Robust debate needed on AfCFTA’s Competition Protocol

Posted in Blog post Competition

The possible impact of the African Continental Free Trade Agreement (AfCFTA) on African competition regimes has not received much attention to date despite the fact that AfCFTA’s Competition Protocol could create another layer of supra-national competition regulation across Africa. The recent publication of the Assessing Regional Integration in Africa (ARIA) report by the United Nations Economic Commission for Africa (UNECA), the African Union, the African Development Bank and the UNCTAD has raised important questions as to not only what the Competition Protocol could mean in practice but also the need for it in the first place. With no known plans for consultation, there is a concern that the final version of the Competition Protocol will be presented as a fait accompli. Due to the significance of the Competition Protocol, the voice of business must be heard as part of meaningful consultation throughout the drafting process.

The AfCFTA came into force on 30 May 2019 following its ratification by 22 countries, the threshold for implementation. The next steps involve the operationalisation of the existing AfCFTA protocols relating to the free movement of goods, free provision of services and the dispute resolution procedures. This phase will involve technical discussions giving effect to these protocols including the finalisation of schedules of concessions for trade in goods, rules of origin and schedules of specific commitments for trade in services. In addition, AfCFTA’s entry into force kicks off the negotiations on the Phase II protocols, including the Competition Protocol. These negotiations are scheduled to commence later in 2019 and must be concluded by June 2021.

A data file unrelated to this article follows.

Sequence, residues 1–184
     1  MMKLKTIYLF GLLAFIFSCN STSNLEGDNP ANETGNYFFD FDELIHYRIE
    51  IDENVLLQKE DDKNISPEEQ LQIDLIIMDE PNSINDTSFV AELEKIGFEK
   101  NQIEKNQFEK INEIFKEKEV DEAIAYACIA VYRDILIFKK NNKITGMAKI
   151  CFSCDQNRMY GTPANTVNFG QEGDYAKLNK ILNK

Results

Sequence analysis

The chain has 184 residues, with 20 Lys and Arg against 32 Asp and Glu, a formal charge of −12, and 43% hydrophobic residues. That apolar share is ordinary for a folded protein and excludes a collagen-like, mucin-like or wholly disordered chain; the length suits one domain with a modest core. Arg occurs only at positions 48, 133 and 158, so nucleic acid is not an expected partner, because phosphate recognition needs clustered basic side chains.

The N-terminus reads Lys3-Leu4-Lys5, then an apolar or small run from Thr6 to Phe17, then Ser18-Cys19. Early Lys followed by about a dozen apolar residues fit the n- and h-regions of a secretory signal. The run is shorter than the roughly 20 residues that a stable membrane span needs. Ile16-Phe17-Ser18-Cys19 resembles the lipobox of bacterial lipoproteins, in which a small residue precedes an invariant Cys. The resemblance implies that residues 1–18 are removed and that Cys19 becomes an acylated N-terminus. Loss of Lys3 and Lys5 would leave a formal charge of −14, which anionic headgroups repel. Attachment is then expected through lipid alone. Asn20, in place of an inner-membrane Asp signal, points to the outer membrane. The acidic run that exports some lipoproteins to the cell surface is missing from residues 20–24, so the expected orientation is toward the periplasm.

Although the provisions of AfCFTA are not prescriptive as to the contents of the Competition Protocol, the publication of the ARIA report in July 2019 sheds some light on its intended purpose as well as the various forms that it may take in practice. The contents of the report are particularly enlightening as the African Competition Forum (ACF), the network of African competition authorities, participated in expert groups on the Competition Protocol and provided input on and contributions to the relevant chapter of the ARIA report. Due to the ACF’s involvement, the ARIA report is indicative, at the very least, of the likely direction of the negotiations on the Competition Protocol.

It is questionable whether the ARIA report sufficiently justifies the need for the Competition Protocol in the first place. As a point of departure, the report claims that the protocol is required as competition law enforcement remains patchy across Africa with only 23 countries (at the time of writing) having competition regimes and that, from these, only a handful have fully operational competition authorities.